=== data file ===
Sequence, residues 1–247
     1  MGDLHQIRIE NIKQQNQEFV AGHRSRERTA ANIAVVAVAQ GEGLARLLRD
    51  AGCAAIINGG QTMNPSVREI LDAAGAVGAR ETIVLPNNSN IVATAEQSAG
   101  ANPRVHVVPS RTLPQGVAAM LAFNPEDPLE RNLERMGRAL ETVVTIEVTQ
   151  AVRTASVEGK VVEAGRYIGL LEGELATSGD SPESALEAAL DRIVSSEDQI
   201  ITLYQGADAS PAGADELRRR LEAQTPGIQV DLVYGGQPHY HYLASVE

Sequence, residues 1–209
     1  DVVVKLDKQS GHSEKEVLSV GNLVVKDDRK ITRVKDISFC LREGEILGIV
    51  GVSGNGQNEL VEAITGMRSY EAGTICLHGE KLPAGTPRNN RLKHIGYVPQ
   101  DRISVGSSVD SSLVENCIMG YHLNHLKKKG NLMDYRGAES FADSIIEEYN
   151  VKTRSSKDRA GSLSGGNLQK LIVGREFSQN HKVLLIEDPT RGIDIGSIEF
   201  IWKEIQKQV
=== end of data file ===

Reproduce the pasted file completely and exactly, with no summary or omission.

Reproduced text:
Sequence, residues 1–247
     1  MGDLHQIRIE NIKQQNQEFV AGHRSRERTA ANIAVVAVAQ GEGLARLLRD
    51  AGCAAIINGG QTMNPSVREI LDAAGAVGAR ETIVLPNNSN IVATAEQSAG
   101  ANPRVHVVPS RTLPQGVAAM LAFNPEDPLE RNLERMGRAL ETVVTIEVTQ
   151  AVRTASVEGK VVEAGRYIGL LEGELATSGD SPESALEAAL DRIVSSEDQI
   201  ITLYQGADAS PAGADELRRR LEAQTPGIQV DLVYGGQPHY HYLASVE

Sequence, residues 1–209
     1  DVVVKLDKQS GHSEKEVLSV GNLVVKDDRK ITRVKDISFC LREGEILGIV
    51  GVSGNGQNEL VEAITGMRSY EAGTICLHGE KLPAGTPRNN RLKHIGYVPQ
   101  DRISVGSSVD SSLVENCIMG YHLNHLKKKG NLMDYRGAES FADSIIEEYN
   151  VKTRSSKDRA GSLSGGNLQK LIVGREFSQN HKVLLIEDPT RGIDIGSIEF
   201  IWKEIQKQV